A couple of years ago I was chatting with a new co-worker, who noticed the photo of my husband on my desk. The picture was taken on our wedding day. Michael was wearing his top hat and other formal wear, and a friend was helping him tie his cravat. The co-worker asked who the person in the picture was, I said it was my husband, and the co-worker asked, “How long have you been married?” And I said that we had been together (at that point) nearly 20 years, but had only legally been married for 5 years. The co-worker looked confused, and then asked, “Why did you wait so long?” To which I replied, “Because it wasn’t legal for us to get married until 2012.” The co-worker’s eyes went wide, and then they said (in what I interpreted as a very embarrassed tone of voice), “Oh, right. Um, yeah, that makes sense.”
And that 2012 date was for the state of Washington. For the majority of the U.S. marriage was still not available to same sex couples until the Supreme Court ruling in 2015.
I told you that story so I can tell you this one:
A couple of weeks ago I was busy at work updating documents. I had to type the day’s date several times, and one of those times it struck me, “Oh! Wow! Today’s the anniversary of our first date.” It was, specifically, the 22nd anniversary of our first date. As it happened, we already had plans to meet a bunch of friends a couple of days later, at which event I was already planning to hand out some Christmas presents that had not be collected at the party, and a birthday present, and other things, so during my lunch break that day, I ran out to a store and also purchased an anniversary card to give to Michael, along with a silly present to give him with the card (I also ordered a couple the more substantial gifts online).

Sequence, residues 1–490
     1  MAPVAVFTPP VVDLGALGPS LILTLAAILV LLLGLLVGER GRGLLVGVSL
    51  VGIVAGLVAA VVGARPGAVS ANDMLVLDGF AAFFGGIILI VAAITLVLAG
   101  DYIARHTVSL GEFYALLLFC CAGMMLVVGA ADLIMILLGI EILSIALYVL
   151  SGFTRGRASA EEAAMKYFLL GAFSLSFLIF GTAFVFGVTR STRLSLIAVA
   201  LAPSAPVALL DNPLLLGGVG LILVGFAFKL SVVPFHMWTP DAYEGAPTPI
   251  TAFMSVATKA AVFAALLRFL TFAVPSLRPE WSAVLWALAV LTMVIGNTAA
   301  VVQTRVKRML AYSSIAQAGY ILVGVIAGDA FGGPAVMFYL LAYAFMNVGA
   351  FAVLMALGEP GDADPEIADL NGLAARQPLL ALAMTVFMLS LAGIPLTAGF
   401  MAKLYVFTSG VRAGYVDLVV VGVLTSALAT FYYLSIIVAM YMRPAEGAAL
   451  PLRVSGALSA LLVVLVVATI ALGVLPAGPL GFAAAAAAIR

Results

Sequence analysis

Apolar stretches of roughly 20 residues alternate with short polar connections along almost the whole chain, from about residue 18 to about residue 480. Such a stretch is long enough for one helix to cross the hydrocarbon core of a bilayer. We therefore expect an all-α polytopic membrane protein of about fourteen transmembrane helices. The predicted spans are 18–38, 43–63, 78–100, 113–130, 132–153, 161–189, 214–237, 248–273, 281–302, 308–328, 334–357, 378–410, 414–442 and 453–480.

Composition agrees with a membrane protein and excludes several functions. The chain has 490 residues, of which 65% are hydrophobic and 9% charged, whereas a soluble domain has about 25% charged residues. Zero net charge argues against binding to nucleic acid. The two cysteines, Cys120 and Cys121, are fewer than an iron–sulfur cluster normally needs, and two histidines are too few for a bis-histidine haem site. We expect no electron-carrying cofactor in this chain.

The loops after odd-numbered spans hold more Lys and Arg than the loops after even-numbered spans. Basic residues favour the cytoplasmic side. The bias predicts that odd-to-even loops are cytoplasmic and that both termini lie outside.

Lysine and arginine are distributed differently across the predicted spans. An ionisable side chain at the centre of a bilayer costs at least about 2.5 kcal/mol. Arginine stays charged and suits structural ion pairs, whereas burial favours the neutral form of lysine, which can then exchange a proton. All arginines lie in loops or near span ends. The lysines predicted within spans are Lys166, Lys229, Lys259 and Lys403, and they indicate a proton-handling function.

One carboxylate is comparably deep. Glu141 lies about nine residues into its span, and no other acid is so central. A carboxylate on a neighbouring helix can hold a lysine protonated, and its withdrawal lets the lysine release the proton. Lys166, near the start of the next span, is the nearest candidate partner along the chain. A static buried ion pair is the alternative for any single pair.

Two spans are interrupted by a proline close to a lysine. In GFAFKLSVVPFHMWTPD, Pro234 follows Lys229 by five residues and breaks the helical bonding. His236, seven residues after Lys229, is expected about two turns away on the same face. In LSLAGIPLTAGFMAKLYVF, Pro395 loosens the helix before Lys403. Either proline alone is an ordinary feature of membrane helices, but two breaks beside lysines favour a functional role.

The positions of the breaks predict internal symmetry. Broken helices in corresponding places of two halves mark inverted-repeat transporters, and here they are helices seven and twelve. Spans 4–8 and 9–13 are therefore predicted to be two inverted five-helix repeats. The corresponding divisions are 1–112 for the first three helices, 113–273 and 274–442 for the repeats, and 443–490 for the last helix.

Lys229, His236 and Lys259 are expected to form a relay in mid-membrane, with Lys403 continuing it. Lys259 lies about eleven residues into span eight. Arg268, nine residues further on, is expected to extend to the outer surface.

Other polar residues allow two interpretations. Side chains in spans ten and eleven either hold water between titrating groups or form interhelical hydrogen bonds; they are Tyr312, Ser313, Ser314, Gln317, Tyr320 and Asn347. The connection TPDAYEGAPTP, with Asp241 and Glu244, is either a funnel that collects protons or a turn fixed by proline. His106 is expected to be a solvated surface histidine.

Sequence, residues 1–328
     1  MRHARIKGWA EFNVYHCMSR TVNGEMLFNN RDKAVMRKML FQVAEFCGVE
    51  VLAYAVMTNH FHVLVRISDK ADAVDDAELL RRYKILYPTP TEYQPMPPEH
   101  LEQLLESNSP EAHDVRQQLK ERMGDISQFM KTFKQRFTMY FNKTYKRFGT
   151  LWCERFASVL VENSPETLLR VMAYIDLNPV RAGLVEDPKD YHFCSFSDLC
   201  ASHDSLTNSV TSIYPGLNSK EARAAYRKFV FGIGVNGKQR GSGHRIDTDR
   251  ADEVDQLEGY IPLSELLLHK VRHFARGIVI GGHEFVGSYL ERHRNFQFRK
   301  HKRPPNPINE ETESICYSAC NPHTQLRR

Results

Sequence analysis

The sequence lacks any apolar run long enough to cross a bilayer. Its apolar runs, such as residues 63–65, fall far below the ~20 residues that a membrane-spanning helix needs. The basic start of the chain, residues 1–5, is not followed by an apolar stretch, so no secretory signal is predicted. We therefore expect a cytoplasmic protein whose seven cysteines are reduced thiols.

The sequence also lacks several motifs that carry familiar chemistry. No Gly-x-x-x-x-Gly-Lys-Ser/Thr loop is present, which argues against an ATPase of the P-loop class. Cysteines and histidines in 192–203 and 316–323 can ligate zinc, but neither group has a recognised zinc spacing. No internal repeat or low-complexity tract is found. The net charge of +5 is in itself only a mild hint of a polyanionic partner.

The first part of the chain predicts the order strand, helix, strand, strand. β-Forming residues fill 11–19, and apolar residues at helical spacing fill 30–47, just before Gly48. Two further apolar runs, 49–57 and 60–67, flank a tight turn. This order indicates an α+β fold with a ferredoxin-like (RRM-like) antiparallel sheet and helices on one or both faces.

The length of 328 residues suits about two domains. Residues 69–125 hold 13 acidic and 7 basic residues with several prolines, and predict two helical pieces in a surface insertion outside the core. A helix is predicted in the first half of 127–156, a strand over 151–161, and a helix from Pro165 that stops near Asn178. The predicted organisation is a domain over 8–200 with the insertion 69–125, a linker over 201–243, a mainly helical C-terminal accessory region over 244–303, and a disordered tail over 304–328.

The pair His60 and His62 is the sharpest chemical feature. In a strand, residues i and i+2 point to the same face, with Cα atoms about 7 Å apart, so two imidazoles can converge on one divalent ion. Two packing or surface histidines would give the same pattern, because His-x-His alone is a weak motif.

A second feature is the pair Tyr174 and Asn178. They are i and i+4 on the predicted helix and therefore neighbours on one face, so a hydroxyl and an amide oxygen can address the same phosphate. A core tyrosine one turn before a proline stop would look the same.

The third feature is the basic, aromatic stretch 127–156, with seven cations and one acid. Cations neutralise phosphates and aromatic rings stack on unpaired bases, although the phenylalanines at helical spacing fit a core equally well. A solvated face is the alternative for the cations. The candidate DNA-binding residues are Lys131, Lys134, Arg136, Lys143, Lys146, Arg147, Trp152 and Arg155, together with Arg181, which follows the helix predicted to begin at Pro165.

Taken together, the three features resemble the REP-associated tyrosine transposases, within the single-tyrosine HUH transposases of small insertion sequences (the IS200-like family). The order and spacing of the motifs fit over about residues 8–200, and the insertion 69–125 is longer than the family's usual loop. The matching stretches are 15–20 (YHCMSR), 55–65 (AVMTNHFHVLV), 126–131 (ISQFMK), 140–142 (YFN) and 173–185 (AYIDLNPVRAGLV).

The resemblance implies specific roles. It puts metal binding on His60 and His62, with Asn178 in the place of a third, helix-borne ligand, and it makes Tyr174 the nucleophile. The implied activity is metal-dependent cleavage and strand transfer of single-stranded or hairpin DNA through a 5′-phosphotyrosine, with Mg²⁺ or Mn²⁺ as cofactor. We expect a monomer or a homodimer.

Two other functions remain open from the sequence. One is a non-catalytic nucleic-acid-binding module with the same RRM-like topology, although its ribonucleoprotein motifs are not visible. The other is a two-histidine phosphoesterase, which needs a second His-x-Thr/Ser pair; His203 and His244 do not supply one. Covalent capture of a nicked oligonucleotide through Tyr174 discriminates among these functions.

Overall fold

As it happened, that same day, while typing the date into a database at his workplace, Michael also remembered that it was the anniversary of our first date. He went online later and ordered an anniversary present for me. And, yes, we do that kind of weird parallel thinking a lot, and every time it happens, I remember all the times that close friends said (that year that we finally got to marry for real) that it was a little strange to think of us as newlyweds, because we had seemed to be an old married couple for so very long before hand.
I understand that not many people who have been in long-term relationships remember the exact date of their first date, nor the date of when they first met, et cetera. One reason that we do is because for most of history, queer relationships have been excluded from the societally-approved institutions related to anniversaries. So, for a few years, we celebrated the anniversary of our first date as our anniversary as a couple.
Then, the company I was working for decided to allow same sex partner benefits but only if you registered with some sort of government agency, and it so happened that the City of Seattle was offering such a registry (though it conveyed no legal benefits), so we filed the appropriate paperwork so I could get Michael on my medical and dental… and then a few years after that the State of Washington offered a similar registry, though initially with virtually no legal rights, but we signed up for it anyway, and so on…